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Britain posts smallest September deficit for 10 years in boost for Hammond

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Britain posts smallest September deficit for 10 years in boost for Hammond

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LONDON, Oct 20 (Reuters) – – Britain posted its smallest budget deficit for any September in the last 10 years, a boost for finance minister Philip Hammond ahead of next month’s annual budget. Last month’s deficit stood at 5.902 billion pounds, down almost 11 percent compared with the same month last year, the Office for National Statistics said on Friday, citing figures that exclude state-controlled banks. The shortfall was much smaller than a median forecast of 6.5 billion pounds in a Reuters poll of economists. September’s figures marked the third straight month in which the public finances performed much better than analysts had expected, even as the prospect of Britain’s departure from the European Union has weighed on the overall economy. The deficit for August was also revised down by around a billion pounds to 4.716 billion pounds. Finance minister Philip Hammond has come under pressure from within the ruling Conservative Party as well as from the opposition Labour Party to loosen his grip on public spending when he presents his annual budget next month. But his ability to relax his grip of spending looks limited after Britain’s budget forecasters said this month they were likely to cut their productivity growth forecasts, suggesting slower economic growth, and tax revenues, in the future. For now, however, tax revenues remain healthy. The ONS reported strong receipts from value-added sales tax, income tax and the stamp duty property tax. But corporation tax revenues were down slightly compared with a year ago. Britain paid out 3.7 billion pounds on government debt interest payments, up 11.4 percent compared with a year and pushed up by a rise in inflation. Around a third of British government bonds are linked to inflation. A move by the Bank of England to raise interest rates in the coming months – something it signalled was likely in September – could push up debt payments further. Britain has been struggling to fix its public finances since the budget deficit surged to around 10 percent of gross domestic product in 2010 after the global financial crisis. Since then it has been cut steadily to 2.3 percent of GDP in the 2016/17 financial year which ended in March, its smallest since before the global financial crisis. But the deficit had been expected to widen again to 2.9 percent of GDP this year when Hammond will have fewer one-off factors to help him than last year. Hammond has not committed to balance the budget until the middle of the next decade, giving him some flexibility to slow the current pace of deficit reduction if needed to support the economy as the country leaves the European Union.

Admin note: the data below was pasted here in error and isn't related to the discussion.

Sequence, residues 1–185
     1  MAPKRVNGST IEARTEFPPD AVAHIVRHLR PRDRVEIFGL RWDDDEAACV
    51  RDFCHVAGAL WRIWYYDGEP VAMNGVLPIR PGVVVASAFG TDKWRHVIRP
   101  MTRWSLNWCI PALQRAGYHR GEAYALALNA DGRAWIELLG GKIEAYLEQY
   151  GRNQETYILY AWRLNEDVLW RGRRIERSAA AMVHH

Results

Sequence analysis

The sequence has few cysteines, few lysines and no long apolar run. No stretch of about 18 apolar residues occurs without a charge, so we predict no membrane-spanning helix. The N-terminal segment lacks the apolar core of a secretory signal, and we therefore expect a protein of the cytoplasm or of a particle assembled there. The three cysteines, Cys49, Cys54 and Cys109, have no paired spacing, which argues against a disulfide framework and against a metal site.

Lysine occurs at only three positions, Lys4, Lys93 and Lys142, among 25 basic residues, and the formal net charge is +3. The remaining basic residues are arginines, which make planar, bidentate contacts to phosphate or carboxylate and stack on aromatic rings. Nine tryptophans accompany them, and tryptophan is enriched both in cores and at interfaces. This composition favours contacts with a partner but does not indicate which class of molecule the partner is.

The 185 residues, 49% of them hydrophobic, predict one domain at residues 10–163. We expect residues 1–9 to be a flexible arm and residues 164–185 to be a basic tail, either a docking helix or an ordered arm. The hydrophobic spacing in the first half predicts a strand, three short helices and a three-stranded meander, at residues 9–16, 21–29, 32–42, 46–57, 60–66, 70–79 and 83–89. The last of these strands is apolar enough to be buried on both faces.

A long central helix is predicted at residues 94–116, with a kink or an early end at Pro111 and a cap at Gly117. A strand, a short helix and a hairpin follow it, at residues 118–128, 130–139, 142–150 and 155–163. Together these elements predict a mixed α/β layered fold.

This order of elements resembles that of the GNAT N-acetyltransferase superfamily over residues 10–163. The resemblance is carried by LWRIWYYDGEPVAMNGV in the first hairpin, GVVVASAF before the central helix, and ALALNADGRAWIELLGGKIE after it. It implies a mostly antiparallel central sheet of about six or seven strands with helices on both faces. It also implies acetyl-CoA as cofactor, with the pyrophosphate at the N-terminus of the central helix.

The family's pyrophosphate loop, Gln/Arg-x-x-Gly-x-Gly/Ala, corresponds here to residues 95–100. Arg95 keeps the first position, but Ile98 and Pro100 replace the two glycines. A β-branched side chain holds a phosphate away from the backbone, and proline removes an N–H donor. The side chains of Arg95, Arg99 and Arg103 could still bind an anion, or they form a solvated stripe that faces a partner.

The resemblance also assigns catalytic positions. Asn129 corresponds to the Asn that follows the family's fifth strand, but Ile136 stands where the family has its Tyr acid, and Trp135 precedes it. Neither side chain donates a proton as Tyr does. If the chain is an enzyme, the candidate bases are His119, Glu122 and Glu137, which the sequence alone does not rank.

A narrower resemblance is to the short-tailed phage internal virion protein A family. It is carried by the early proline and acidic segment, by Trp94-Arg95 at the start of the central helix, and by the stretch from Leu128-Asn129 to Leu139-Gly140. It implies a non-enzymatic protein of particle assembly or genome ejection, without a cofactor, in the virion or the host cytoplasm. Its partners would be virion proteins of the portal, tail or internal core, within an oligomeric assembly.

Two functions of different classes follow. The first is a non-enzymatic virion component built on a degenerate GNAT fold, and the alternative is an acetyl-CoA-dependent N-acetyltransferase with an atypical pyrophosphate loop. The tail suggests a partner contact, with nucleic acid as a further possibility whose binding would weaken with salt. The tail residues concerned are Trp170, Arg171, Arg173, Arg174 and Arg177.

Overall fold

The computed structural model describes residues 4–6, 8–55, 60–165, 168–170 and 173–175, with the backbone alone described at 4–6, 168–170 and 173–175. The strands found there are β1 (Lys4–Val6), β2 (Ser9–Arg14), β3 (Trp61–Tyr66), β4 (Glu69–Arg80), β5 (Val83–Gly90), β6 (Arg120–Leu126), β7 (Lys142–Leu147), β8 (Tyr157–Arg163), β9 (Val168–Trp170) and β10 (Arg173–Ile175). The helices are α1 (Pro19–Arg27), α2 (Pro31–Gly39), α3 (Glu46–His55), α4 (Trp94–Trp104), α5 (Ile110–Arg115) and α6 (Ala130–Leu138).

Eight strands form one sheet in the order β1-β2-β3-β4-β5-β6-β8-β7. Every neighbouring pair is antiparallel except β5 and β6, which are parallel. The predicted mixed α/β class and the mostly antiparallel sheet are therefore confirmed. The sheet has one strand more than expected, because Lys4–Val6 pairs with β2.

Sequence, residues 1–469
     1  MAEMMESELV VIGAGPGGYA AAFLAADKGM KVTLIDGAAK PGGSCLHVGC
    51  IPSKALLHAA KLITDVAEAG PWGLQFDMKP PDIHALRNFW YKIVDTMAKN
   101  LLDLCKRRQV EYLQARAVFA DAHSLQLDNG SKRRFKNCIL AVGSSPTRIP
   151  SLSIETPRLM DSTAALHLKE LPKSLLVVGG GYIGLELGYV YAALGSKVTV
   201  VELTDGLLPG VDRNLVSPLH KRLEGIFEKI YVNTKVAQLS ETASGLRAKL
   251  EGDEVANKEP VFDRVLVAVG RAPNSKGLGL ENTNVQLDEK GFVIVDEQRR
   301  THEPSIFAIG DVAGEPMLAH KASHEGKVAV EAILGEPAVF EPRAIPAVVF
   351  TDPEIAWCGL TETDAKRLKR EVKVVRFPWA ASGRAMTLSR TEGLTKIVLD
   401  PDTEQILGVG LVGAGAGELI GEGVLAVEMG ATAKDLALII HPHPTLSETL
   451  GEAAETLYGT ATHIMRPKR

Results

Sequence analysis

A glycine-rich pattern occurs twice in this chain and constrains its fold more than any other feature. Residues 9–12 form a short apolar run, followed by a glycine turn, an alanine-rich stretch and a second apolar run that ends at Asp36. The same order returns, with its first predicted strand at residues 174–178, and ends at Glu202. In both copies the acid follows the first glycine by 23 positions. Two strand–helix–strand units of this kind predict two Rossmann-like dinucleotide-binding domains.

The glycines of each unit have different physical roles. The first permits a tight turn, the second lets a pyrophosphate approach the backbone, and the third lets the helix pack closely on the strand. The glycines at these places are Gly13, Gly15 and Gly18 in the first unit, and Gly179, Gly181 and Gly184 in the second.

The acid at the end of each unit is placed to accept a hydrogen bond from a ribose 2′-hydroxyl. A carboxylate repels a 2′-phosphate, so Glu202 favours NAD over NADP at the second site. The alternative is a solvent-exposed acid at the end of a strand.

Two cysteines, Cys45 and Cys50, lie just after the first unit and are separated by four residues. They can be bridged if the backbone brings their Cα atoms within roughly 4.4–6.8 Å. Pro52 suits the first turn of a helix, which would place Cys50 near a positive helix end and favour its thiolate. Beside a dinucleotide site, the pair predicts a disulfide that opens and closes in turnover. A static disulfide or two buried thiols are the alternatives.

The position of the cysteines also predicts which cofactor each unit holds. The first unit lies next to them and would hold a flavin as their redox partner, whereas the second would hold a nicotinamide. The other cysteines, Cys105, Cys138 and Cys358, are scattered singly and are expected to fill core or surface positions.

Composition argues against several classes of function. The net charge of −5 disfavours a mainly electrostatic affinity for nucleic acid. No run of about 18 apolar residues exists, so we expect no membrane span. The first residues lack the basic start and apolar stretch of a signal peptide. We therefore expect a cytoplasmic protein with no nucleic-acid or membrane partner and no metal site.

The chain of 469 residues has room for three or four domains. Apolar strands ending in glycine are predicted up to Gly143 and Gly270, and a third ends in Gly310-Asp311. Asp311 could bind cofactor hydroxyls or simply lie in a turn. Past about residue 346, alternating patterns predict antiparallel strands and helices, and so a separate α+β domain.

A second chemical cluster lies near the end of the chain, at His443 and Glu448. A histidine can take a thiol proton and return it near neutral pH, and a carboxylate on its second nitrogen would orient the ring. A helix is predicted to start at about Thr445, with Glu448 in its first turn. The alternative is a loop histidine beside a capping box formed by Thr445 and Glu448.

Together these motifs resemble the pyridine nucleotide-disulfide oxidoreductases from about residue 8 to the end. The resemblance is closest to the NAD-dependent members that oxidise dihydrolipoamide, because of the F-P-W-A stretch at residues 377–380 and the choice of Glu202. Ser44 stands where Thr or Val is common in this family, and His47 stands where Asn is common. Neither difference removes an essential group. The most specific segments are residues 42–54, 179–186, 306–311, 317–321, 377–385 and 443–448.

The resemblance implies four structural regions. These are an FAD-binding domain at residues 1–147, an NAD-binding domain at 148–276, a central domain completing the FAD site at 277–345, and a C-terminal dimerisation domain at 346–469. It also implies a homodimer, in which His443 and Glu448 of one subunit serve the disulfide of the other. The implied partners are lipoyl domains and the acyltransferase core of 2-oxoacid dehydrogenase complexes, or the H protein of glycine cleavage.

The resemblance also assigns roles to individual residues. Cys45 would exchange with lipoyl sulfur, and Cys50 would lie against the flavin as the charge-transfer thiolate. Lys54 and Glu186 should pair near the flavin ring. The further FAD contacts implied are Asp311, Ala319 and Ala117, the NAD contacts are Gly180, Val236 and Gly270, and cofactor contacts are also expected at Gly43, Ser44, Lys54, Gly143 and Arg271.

(Reporting by Andy Bruce and Alistair Smout; ((uk.economics@reuters.com; +44 20 7542 5109)))
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